Graphic Design / Interactive Design / Fine & Applied Arts / Parkland College

GDS 271 Interactive Design
Project 3: Movie Promo Site

Instructor: Paul Young

Objective

To develop conceptual thinking skills. To communicate ideas visually and verbally. To apply design principles to real-world visual communication problems as it relates to web design.

Secondary objectives

To gain experience designing with Muse, a web prototyping tool for designers.

Description

Design a promo website for a local band (avoid well-known artists or artists who already have a well-designed site). You may use existing images and text from internet links or their published CDs. You may also make up a non-exisiting "dream" band.

You may change any of the following:

 

Specifications:

  • 5 pages minimum (including the landing page)
  • Must be responsive
  • Branding: original or copied from existing site
  • Links to music and/or videos from the band
  • Art: downloaded from existing internet links, Photospin or another legal source
  • Typography: only clean readable fonts (unless discussed with the instructor first)

Your design must show an understanding of unity, emphasis, balance and color. When appropriate, utilize rhythm and depth as well.

Procedure

1. Research for inspiration: Research existing band promo sites. Look specifically for examples of creative visual branding, clever concepts, nice images, clean typography, innovative interactivity, and a good overall user experience. Publish your research on your Process Page for discussion (see example). Be sure to link to the site and cite the source.

2. Marketing Research: Research your client. What is your client's background? Who is the target audience? What are their marketing objectives? What does the competition look like? Analyze your research and write a written statement of objectives in the form of a memo (see sample brief ). In describing the "character" of the website, make use of the Vocabulary Wheel as a starting point. Publish your brief as a HTML file and make a link from your Process Page. Email the published link to pyoung@parkland.edu.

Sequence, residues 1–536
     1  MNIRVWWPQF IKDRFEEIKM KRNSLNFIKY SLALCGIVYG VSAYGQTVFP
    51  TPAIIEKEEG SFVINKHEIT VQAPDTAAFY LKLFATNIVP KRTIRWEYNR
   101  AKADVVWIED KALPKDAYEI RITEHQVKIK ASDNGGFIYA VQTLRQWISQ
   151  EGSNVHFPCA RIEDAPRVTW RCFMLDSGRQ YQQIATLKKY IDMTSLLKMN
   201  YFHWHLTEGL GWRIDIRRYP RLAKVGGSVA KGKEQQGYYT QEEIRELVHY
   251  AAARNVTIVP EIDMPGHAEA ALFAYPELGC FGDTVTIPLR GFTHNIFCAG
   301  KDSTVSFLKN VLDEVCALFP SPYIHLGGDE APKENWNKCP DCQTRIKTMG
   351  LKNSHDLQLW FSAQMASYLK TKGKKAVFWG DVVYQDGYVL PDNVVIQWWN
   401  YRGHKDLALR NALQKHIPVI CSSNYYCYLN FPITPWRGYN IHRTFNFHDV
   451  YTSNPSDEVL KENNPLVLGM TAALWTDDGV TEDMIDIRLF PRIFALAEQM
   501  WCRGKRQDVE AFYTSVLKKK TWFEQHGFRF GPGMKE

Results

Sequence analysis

3. Develop the concept: In your sketchbook begin to conceptualize ideas for this project (see sample wireframe layouts ). Make at least 10 sketches of all possible directions you might take this project. Draw exactly how you intend to layout key pages of your site using traditional pen and paper or digital tools (try wireframe.cc  or Balsamiq ). Edit your concepts down to your best three ideas and share them on your Process Page. Rough out site maps (see examples) as needed to explain your navigation scheme (try Coggle). Publish your wireframes/site maps on your Process Page for critique.

4. Prototype mock-up: Based on the critique of the above, create a prototype "mock-up" of key sample screens in Illustrator and/or Photoshop which will show the "look-and-feel" of the website. Place your art inside a 1024x768 ipad mock-up (one example). Generate web-ready JPEGs of your prototype "contract proofs" and publish them on your personal Process Page for critique. Also develop your site architecture by preparing the text for your website and publish a text-only website (see example).

4. Prototype mock-up: Based on the critique of the above, create a prototype "mock-up" of key sample screens in Illustrator and/or Photoshop which will show the "look-and-feel" of the website. Place your art inside a 1024x768 browser window (download your favorite blank browser chrome from designerstoolbox.com). Generate web-ready JPEGs of your prototype "contract proofs" and publish them on your personal Process Page for critique. Also develop your site architecture by preparing the text for your website and publish a text-only website (see example).

5. Developing the master page(s): Revise your mock-up as needed, then extract the pixel elements and produce working "master page(s)" with Muse. Export and publish these page(s) as links from your personal Process Page for critique.

6. Final critique: Revise your "master page(s)" as needed, then produce a fully functional website. Publish your website as a link from your personal Process Page for critique. Prepare a presentation and "sell" the design to the client.

7. Grading: Based on the critique of the above, revise the website as needed. If necessary, make refinements until you are 100% satisfied with the project. Review your Process Page and make sure you have an accurate record of your process. You will not receive full credit for this project if any of the above elements are missing.

8. Extra credit: Submit your project into the annual student show by printing your screenshots and mounting them on foam board. Also prepare a screenshot of the same art (at 100%) and submit your project using the online entry form at gds.parkland.edu/show. Your project may win a cash prize and be published in a showcase of student work on Parkland's website.

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Last updated: 1/3/17 ■ Webmaster: Paul Young